If you haven’t been checked recently (or ever), make an appointment with your doctor.  It was a screening during a long-overdue physical exam that caught my cancer, and here I am 4 years, 9 months, and 21 days since my diagnosis, still alive and advocating for prostate health.

The Prostate Cancer Foundation offers a great overview for those wanting to learn more.  Check it out here.


On a related note, I go for my next PSA test this week.  Results to follow in my next regularly scheduled post if I have them by then.

 

Month 46 – Views on Cancer Awareness

Okay.  Buckle up.  I’m climbing on my annual cancer awareness soap box.

Seeing pink on the the Chula Vista Fire Department’s Facebook page today made me see red.

I want to see powder blue.  Especially in September.

Why CVFD would post this during National Prostate Cancer Awareness Month is a bit perplexing.  (Actually, not really.  They just want to get a jump start on fundraising with October being Breast Cancer Awareness Month.)

One in seven of those male firefighters will face prostate cancer, and they apparently choose not to acknowledge it; they choose not to spread awareness; and they choose not to fight something that can directly impact themselves.

Why?

I’m not a marketing guru by any stretch of the imagination, but the Susan G. Komen Foundation certainly has turned its cause into an empire through effective and ubiquitous marketing.  Everywhere you turn, there’s a freakin’ pink something-or-other reminding you of the scourge of breast cancer and the need to cure it.  Hell, watch an NFL game next month and you’ll see 300-pound linebackers wearing pink shoes.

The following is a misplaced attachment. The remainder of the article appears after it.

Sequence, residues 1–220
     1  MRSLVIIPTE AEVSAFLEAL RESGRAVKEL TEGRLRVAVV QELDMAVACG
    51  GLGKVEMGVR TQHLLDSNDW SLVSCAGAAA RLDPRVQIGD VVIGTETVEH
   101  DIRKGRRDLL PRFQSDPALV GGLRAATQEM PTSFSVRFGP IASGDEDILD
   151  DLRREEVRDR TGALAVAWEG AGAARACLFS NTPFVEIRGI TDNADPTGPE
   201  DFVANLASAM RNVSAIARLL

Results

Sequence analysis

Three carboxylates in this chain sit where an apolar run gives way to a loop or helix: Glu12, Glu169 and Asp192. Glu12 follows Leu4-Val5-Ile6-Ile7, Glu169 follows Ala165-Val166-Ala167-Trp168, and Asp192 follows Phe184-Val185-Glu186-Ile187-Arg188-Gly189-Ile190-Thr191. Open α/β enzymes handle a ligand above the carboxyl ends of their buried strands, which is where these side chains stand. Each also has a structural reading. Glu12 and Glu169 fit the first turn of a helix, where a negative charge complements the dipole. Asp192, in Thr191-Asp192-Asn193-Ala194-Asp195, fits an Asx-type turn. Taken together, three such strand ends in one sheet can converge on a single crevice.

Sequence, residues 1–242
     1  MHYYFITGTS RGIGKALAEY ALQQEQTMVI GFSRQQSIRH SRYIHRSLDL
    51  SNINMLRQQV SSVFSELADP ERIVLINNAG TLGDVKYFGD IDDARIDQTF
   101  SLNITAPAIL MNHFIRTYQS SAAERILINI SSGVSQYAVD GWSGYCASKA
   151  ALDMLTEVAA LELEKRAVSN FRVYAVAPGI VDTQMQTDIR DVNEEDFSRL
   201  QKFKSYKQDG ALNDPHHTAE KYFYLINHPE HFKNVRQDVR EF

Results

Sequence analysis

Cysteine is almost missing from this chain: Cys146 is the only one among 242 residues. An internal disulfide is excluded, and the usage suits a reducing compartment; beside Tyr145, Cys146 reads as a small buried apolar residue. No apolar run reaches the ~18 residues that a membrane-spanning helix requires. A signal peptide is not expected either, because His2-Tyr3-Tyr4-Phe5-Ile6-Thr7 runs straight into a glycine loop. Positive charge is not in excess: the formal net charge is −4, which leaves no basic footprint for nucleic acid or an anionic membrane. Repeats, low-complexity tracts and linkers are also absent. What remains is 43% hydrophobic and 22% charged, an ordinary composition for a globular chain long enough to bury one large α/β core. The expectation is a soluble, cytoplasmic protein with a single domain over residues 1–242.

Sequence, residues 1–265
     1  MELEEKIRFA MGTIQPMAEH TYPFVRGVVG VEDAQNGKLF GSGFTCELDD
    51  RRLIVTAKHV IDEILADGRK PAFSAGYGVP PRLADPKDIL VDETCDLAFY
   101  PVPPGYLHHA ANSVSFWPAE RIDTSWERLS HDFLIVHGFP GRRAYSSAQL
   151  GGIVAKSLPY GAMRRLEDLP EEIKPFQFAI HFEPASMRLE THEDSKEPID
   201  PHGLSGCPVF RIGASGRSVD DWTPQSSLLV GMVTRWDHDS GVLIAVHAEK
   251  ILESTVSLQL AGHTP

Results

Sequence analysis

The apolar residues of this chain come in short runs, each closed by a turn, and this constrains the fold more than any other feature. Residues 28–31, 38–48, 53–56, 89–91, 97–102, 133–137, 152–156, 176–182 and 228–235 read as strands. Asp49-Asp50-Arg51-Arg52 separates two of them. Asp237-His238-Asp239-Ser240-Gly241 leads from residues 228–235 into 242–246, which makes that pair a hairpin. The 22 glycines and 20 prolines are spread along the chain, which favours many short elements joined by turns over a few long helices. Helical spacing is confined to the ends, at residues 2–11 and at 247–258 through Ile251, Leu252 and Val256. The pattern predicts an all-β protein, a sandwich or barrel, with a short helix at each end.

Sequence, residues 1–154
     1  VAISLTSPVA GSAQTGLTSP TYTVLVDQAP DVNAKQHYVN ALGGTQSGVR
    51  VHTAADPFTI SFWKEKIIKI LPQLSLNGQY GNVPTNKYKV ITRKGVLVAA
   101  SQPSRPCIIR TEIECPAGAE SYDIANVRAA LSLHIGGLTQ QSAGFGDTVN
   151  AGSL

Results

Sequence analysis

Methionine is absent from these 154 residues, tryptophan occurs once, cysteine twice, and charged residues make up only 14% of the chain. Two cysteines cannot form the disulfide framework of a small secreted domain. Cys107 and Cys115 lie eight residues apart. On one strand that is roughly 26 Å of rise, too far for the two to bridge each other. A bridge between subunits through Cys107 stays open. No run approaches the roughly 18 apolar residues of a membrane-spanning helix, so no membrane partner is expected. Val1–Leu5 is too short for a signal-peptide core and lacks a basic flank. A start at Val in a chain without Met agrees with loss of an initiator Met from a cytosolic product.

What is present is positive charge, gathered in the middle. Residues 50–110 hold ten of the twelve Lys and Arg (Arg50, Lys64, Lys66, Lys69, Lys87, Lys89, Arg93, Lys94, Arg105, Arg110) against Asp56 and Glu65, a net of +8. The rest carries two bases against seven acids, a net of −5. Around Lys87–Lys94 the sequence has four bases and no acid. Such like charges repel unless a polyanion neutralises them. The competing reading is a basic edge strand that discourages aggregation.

Don’t get me wrong. I’m not downplaying breast cancer at all, nor am I condemning the Susan G. Komen Foundation’s success.  In fact, just the opposite.  Prostate cancer awareness teams have to take a page from the Foundation’s marketing playbook.  But it may be more than a marketing issue.

Is there a stigma associated with prostate cancer that prevents people–men–from talking about it?

If so, how do we eradicate the stigma so that we can eradicate the disease?  How do we get men to realize that it’s not only okay to talk about prostate health, but we should go out of our way to talk about it.  There’s nothing embarrassing about it.

Do we show them stories like this reporting the death from prostate cancer of San Diego’s Bishop Cirilo Flores, who was diagnosed in April and died in September?

http://www.utsandiego.com/news/2014/sep/06/diocese-bishop-flores-death-catholic/

It’s not all doom and gloom.  The Prostate Cancer Foundation and others like the Safeway Foundation have been more visible with their efforts to increase awareness, even since I was diagnosed almost four years ago.  That’s good.  But we need more.  Much more.

And this little blog with its almost 15,000 clicks isn’t going to change the world of prostate cancer awareness by itself.  (Although I will keep tilting at that windmill…)

Time to climb down off my soap box.  Thanks for letting me vent.